28. Daric Barton.

    Comment by Fish Monster — November 22, 2011 @ 2:24 am

  29. dan johnson

    Comment by jim — November 22, 2011 @ 2:46 am

  30. Mike Piazza got darn close to three in a row 1995, 1996, and 1997
    ops: 1.006, .985, 1.069. he did average over 1.000 ops for the three years.

    Comment by kick me in the GO NATS — November 22, 2011 @ 4:02 am

  31. “”Especially pitchers who aren’t even clearly the most valuable PLAYER on their own team, let alone the league.””

    “Sabathia isn’t the most valuable PITCHER on his own team”

    Before you slate somebody, at least have the courtesy to read what they wrote.

    Comment by pssguy — November 22, 2011 @ 7:25 am

  32. Wrong year.

    Comment by Yirmiyahu — November 22, 2011 @ 7:53 am

  33. The rules state that you cannot categorically exclude pitchers and that you have to consider everyone. If you do that you should not be allowed to vote for MVP

    Comment by IvanGrushenko — November 22, 2011 @ 7:56 am

  34. Russell Martin: most valuable catcher in the league, after being non-tendered.
    Alejandro De Aza: 2.8 WAR in a 54-game callup.
    And you should add Melky Cabrera to the Kotchman/Francoeur category.

    Comment by Yirmiyahu — November 22, 2011 @ 8:11 am

  35. Man, I totally screwed the Mariners. Too bad I couldn’t see that I was doing it.

    Comment by Casey Kotchman — November 22, 2011 @ 10:14 am

  36. It was a Texas writer, of course.

    He said, “My eyes told me Michael Young meant more to the Texas Rangers and their success than any player in the American League.”

    The guy’s name is Evan Grant.

    Comment by Chozo Ruins — November 22, 2011 @ 11:42 am

  37. Bill,

    Despite your typical fangraphs high intellectual capacity, you seem to have missed my point. The point was that reasonable people might disagree. The reason we take polls is to find a consensus from the diversity of opinion. Yours isn’t the only valid opinion. Disagreement with you is not evidence that someone should have their voting rights revoked.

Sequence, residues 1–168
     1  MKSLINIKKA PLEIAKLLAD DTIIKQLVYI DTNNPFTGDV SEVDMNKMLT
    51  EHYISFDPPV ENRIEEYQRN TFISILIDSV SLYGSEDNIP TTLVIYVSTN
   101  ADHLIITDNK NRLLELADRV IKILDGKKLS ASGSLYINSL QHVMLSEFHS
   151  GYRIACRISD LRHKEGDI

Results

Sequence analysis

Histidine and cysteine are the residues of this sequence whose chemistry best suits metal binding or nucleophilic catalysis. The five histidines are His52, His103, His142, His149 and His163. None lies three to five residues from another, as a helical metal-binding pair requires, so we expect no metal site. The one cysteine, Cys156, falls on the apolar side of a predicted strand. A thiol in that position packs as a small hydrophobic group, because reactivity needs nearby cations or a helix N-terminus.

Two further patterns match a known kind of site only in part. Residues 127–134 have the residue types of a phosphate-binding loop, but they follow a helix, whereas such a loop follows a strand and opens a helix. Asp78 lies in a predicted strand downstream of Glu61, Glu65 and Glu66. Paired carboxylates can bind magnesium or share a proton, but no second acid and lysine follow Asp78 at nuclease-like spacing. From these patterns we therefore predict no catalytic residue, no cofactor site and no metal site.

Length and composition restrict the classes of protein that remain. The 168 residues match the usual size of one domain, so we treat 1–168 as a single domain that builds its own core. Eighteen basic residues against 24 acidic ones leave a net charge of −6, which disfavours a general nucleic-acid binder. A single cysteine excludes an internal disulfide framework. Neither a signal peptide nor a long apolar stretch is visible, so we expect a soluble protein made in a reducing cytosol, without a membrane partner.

Comment by Jason — November 22, 2011 @ 12:40 pm

  38. Ivan,

    I don’t think the rules state anything about excluding anyone. I think the rules stipulate that all players regardless of position can be considered. However, if a voter prefers not to vote for pitchers, that is their right.

    Comment by Jason — November 22, 2011 @ 12:42 pm

  39. Zeke,

    I don’t think it necessarily logically incongruent to vote for Verlander but not Sabathia. This can happen if a voter does not vote for pitchers except under extreme circumstances. Suppose a voter sees Verlander’s performance as one for the ages, while CC’s performance was just a typical good year for a starting pitcher. A voter who thinks this way may have no problem casting a vote for an alltime performance while ignoring run of the mill performances from other good pitchers. I suspect this is what happened.

    Comment by Jason — November 22, 2011 @ 12:48 pm

  40. How bout Jhonny Peralta? I don’t think he got a vote despite a 5.2 win season which led all AL shortstops.

    Comment by Matt C — November 22, 2011 @ 2:16 pm

  41. Evan Grant you say….

    Get your pitch forks ready!!!!!!!!!!!!!!

    Comment by Colin — November 22, 2011 @ 3:31 pm

  42. Also, I love how he found a way to include the statement, “my eyes told me”

    Comment by Colin — November 22, 2011 @ 3:32 pm

  43. Ah yes the posterboy for questioning whether defensive metrics are overstated on this site.

    Comment by Colin — November 22, 2011 @ 3:35 pm

  44. i think its justifiable. Maybe not too agreeable but you can make a case for michael young. i know i know from my name im obviously a rangers fan…but still this guy is a total face of the franchise, he played in EVERY infield position (yes, he did have some, uh, minor fielding issues). but still if it werent for michael young, really i dont think the rangers would have won 90 games. Because of his presense (just ask any ranger) i think you can argue he provided 10 wins for the rangers.
    and oh yeah mike napoli and ian kinsler were the best rangers by far, but their presense and leadership still werent equal to that of michael young

    Comment by dannyrangers32 — November 22, 2011 @ 9:15 pm